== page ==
Call This One "The Gaffe"

Why isn't this man smiling? Because the play that could have -- and possibly should have -- won Sunday's game vs. Atlanta was ruled illegal even after checked with officials prior to gametime.

There's been "The Immaculate Reception," "The Drive," "The Catch," "The Hail Mary," "The Holy Roller" and "The Music City Miracle."

All of them have been used to describe victories. There hasn't been a term to describe a botched play that provided a loss. Perhaps there should be. Call Sunday's last-minute call vs. the Falcons "The Gaffe."

With the Vikings trailing 24-21 with less than 30 seconds to play, the Vikings pulled a trick play out of the bag that they were convinced would work. It did. It was a reverse to Randy Moss and a throwback to Daunte Culpepper for a touchdown that would have given the Vikings a 28-24 lead with 24 seconds to play.

There was one problem. It wasn't legal.

In the press box at the Metrodome, cheering is not allowed. Even the team chaplain isn't immune from being silenced. However, before the play got named "The Gaffe," VU poobah Bob Lurtsema was cheering like a fan. That was, until a VU staffer said "flag!"

A penalty flag was dropped -- and rightfully so.

Following the game, coach Mike Tice tried to defend the play, saying it had been looked over by the officials and approved. Yet, no numbers were associated with players assigned to the specific call. Although it seemed clear -- on the diagram shown to VU, the center is marked with a box and two players, obviously a guard and tackle, were denoted with circles next to him. However, without numbers, it wasn't technically clear who the two circles represented.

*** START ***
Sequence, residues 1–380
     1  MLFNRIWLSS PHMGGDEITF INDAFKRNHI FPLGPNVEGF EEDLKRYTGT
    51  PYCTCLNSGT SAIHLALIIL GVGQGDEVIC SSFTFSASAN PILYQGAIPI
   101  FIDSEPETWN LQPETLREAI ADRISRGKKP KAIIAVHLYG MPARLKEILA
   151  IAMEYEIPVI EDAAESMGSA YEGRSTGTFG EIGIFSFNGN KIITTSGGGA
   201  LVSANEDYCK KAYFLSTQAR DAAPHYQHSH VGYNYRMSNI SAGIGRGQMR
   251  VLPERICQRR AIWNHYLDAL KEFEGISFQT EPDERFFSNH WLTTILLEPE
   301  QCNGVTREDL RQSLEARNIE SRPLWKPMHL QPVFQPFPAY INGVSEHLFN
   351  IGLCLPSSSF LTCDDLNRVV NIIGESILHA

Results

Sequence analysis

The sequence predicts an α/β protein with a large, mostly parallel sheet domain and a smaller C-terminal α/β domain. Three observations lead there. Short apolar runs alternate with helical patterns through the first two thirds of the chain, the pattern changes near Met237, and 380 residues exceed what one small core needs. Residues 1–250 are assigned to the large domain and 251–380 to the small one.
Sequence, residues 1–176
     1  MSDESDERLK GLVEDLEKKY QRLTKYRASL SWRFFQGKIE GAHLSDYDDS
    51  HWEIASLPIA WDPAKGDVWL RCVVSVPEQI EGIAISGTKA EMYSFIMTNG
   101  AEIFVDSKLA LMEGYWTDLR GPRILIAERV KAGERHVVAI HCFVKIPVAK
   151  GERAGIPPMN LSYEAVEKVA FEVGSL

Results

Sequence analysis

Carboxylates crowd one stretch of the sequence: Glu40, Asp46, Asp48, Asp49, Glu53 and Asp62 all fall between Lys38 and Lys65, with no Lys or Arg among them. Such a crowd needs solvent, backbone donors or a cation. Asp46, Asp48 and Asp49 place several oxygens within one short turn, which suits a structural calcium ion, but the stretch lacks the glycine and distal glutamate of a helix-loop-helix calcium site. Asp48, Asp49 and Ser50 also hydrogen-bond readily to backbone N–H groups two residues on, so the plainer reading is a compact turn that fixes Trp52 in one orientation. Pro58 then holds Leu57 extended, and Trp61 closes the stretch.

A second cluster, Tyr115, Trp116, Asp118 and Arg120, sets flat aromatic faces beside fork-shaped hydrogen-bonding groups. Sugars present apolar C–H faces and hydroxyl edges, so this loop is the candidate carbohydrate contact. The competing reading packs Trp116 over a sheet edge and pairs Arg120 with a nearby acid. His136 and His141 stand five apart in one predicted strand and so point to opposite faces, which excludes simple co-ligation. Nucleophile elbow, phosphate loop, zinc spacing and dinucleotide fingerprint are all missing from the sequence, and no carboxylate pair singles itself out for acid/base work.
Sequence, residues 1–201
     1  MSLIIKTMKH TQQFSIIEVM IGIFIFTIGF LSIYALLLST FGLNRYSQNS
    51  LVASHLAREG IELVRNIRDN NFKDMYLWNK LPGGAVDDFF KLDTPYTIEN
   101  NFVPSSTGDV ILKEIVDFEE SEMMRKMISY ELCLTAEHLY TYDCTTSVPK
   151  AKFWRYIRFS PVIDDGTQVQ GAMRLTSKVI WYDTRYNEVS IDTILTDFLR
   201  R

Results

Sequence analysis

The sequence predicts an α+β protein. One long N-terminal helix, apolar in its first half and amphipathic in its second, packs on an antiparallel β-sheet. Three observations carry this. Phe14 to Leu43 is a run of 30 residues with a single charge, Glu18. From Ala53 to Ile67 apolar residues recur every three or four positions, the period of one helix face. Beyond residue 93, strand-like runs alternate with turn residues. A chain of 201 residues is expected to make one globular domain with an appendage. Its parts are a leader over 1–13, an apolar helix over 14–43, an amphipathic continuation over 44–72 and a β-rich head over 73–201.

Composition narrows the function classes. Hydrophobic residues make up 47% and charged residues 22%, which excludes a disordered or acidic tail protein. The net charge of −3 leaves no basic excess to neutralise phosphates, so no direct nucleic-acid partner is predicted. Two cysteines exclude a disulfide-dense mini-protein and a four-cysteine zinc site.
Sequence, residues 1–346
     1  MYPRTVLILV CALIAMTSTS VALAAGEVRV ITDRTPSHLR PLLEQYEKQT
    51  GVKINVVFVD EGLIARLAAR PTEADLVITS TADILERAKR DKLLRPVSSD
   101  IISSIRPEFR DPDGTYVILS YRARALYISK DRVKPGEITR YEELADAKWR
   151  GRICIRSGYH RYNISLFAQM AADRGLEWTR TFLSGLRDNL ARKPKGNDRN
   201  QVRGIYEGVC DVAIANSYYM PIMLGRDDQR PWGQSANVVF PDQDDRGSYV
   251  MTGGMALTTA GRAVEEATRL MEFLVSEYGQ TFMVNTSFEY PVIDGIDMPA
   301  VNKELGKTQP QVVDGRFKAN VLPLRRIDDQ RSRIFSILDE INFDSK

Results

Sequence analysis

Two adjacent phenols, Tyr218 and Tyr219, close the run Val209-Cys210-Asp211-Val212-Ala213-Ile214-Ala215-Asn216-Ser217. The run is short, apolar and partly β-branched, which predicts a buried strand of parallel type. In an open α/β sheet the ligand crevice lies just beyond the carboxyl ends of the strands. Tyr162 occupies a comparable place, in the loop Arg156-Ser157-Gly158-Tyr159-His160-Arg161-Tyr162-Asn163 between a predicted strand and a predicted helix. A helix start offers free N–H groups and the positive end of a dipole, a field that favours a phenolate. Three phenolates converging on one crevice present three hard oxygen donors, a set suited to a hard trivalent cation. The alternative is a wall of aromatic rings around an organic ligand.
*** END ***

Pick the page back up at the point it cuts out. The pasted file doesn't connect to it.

When Moss came in motion from the left side of the formation, left tackle Bryant McKinnie was the last person along the line toward the left side. That has been a formation violation for years -- when asked by a pool reporter after the game, referee Ed Hochuli said it's been in existence since before he became an official 13 years ago.

Where the rub comes is that McKinnie, who seemed dumbfounded when surrounded by reporters asking why he didn't report himself as an eligible receiver, would have needed to say he was eligible for the play to commence. When a player other than a skill position (QB, RB, WR, TE) reports as an eligible receiver, there's little doubt -- the referee announces it over his microphone to the entire crowd. To announce McKinnie as eligible would have made it fairly obvious that Moss was coming in motion.

The fact that the Vikings thought the play would be allowed was fine. The fact they didn't check to see whether having an offensive lineman alone one the outside of a formation would be nullified is inexcuseable. Of all the problems the Vikings have had this season, not following through on a play they had to know was a violation of formation procedure was costly -- as in the difference between potentially winning a game and actually losing a game.

* Michael Vick had two amazing stats on Sunday. His 173 rushing yards set a single-game rushing record for a quarterback in the modern era of NFL football. The other was that, after scoring his overtime touchdown run, he finished with 173 yards rushing and 173 yards passing.
* McKinnie was in and out of the lineup Sunday with a bout of a gastrointestinal virus that is similar to the one that has run through the team the last couple of weeks. He had diarrhea before the game and was vomiting during the game. He played in all four quarters, but had to be replaced from time to time when he felt sick.
* Why are the Vikings 3-9? There are two stats no team wants to lead the league in -- turnovers and penalties. The Vikings lead the league in both.
* Two Vikings came very close to reaching individual milestones Sunday. Michael Bennett is just six yards short of 1,000 yards rushing and Moss is 10 yards short of 1,000 yards receiving.
* Moss did surpass the 1,000 total yard plateau Sunday -- the fifth straight time he's done that. It ties him with original Viking Tommy Mason for third place on the all-time list for consective seasons with 1,000 or more total yards. Cris Carter holds the team record with eight straight years, followed by Chuck Foreman with six.
* In other belated news, Green Bay finally clinched the first NFC North title. As hard as it may be for Cheeseheads to believe, it's the Packers' first division title in five years.

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